Lisbon is known for decorative ceramic tiles. On houses and apartment buildings, shops and restaurants, churches and theaters; they are everywhere creating a distinctive sense of place. It is fun to walk through the city and see the grand murals and individual geometric masterpieces.
For anyone interested in this historic art form, a visit to the National Tile Museum is a must. The museum chronicles five centuries of art and production. It offers a window into life and fashion over time.
I have the opportunity to tour the museum and make a tile of my own while on a Viking River Cruise optional excursion.
Our small group is led by a young and enthusiastic guide. She explains the Azulejo, painted ceramic tiles, arrived in Portugal during the 15th century by way of the Moors who ruled at the time. The word is derived from Arabic meaning “polished stone“.
Housed in the 16th century Madre de Deus Convent, museum exhibits are displayed in a timeline along long corridors. The exhibits help us understand the way tile was first made and how the process evolved. What hasn’t changed though is the talent of the tile painters.
The museum’s collection features beautiful tiles from as early as the 15th century as well as contemporary examples.
Part of our tour includes the opulent chapel dedicated to St. Anthony. Of note are panels in the ceiling with gilt frames set with paintings, including portraits of King João III and his queen, Catherine of Austria. Glorious paintings in the church depict the life of saints. Filling the main vault are scenes from the life of the Virgin Mary.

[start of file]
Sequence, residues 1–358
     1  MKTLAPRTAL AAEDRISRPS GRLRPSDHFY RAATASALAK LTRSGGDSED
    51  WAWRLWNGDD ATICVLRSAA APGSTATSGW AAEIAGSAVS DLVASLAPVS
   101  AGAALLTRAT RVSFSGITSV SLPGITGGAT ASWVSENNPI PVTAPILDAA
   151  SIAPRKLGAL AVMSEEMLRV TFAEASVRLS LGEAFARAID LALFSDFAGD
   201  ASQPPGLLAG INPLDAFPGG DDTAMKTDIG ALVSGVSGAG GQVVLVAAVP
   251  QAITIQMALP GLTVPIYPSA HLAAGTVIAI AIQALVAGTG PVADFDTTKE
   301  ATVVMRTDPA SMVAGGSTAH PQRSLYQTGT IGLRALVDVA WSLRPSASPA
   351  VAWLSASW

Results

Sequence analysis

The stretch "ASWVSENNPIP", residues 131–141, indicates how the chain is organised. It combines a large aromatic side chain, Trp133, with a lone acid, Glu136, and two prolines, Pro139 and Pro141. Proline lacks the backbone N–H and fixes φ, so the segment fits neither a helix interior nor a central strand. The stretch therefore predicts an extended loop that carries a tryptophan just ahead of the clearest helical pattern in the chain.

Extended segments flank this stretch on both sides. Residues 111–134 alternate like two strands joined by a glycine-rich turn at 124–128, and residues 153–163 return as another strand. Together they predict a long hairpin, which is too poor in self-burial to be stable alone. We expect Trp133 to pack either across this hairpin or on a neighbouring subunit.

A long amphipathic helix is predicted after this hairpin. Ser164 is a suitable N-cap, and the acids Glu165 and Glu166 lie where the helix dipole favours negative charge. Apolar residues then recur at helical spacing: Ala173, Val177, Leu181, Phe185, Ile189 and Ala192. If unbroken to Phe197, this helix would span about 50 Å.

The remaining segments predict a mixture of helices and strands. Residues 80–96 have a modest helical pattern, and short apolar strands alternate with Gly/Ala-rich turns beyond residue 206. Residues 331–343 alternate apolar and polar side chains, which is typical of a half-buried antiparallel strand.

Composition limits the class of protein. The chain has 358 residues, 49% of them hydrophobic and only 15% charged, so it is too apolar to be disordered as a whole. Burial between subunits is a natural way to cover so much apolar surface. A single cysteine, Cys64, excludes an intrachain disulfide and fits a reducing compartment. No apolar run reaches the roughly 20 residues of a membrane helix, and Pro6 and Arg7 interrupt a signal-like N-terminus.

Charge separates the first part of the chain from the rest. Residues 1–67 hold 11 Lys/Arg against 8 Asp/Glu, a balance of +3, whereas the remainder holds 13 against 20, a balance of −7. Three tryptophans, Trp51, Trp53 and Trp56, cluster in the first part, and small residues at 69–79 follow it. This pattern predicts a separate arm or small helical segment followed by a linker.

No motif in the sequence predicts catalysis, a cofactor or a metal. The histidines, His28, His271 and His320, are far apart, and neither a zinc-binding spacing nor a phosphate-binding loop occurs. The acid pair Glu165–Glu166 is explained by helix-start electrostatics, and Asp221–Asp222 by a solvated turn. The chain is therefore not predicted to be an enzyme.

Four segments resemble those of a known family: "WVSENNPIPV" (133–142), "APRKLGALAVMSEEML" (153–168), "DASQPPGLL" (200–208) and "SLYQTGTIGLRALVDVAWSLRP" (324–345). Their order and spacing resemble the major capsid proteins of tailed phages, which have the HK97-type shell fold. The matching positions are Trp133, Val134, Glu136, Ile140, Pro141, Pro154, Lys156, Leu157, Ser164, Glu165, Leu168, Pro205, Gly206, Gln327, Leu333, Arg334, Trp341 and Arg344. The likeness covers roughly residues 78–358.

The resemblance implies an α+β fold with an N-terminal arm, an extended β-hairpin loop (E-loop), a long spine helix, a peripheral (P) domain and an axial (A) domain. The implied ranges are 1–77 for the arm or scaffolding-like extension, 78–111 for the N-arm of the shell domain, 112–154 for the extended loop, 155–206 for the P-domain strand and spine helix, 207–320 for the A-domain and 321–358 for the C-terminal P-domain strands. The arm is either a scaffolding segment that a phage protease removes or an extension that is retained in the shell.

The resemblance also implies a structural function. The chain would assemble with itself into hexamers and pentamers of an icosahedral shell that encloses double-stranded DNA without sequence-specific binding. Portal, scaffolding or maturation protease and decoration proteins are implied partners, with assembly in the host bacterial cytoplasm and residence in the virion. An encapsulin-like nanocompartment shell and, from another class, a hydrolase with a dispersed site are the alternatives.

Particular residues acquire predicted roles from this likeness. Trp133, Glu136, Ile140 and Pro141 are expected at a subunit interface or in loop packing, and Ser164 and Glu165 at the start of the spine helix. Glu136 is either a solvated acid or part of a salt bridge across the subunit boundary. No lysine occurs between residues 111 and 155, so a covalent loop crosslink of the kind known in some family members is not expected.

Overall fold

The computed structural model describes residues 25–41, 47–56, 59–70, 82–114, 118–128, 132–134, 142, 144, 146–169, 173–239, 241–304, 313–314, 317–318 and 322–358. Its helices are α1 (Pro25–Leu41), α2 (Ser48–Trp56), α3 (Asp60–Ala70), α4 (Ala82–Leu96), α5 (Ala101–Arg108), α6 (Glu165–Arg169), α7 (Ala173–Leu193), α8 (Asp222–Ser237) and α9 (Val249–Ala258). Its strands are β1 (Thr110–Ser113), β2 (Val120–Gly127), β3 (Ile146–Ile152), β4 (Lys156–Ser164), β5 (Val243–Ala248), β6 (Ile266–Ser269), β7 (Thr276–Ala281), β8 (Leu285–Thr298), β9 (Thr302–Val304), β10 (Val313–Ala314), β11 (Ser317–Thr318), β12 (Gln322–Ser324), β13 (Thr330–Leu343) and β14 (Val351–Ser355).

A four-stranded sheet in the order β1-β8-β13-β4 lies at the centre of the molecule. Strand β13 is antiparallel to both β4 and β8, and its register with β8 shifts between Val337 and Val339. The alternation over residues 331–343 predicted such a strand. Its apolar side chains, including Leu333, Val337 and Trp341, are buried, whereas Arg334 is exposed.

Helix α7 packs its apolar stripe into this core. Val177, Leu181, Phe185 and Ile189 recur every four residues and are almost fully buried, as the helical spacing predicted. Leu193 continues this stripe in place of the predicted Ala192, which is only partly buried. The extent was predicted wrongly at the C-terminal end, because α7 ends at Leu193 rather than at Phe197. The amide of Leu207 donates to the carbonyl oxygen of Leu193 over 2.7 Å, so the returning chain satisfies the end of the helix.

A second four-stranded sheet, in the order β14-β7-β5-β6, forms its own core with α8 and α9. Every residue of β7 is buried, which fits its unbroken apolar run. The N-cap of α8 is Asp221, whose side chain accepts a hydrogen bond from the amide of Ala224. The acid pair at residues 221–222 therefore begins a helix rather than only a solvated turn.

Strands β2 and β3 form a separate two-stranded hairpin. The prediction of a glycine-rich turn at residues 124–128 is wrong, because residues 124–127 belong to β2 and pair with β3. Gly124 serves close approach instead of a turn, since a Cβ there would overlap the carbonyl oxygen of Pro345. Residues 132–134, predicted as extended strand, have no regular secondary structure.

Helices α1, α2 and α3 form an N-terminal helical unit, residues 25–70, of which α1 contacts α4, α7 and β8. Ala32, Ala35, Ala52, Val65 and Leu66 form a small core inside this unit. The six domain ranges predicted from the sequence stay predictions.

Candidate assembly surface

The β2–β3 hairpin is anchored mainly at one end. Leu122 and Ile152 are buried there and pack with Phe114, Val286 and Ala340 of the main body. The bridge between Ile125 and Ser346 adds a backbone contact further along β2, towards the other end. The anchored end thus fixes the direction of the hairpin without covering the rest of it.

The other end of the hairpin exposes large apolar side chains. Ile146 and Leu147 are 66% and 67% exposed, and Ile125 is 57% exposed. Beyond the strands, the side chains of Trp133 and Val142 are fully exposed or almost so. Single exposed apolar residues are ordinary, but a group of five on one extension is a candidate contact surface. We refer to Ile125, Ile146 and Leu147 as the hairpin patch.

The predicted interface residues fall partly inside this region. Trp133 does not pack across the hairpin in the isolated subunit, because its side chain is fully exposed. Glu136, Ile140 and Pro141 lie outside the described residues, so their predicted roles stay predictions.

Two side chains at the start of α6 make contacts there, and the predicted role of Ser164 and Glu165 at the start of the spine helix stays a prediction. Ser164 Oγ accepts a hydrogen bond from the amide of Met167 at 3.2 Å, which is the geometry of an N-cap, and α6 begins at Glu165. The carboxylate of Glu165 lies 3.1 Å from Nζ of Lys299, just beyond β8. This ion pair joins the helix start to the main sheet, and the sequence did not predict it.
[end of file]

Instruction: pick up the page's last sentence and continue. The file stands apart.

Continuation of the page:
The highlight of the museum is a blue and white composition of 1300 tiles, 75 feet long, of Lisbon’s cityscape made in 1738. It is said to be the country’s longest tile piece.
Another highlight for me is when I am able to paint a tile. The 12 of us sit around two tables. All admitting we are not artists, we are offered small pictures with tiny holes punched around the pictures details. We then take a small bag of charcoal dust and dab the painting so that the outline can be seen on the tile. When the tile is fired, the coal dust disappears.
While our cruise group is transported north to Porto and sails along the Douro River, the tiles are fired and presented to us when our ship docks for the final time in Porto.
Portugal is known for its tiles. If you have a chance to visit this museum, by all means take advantage of the opportunity — for the history, the art and the appreciation..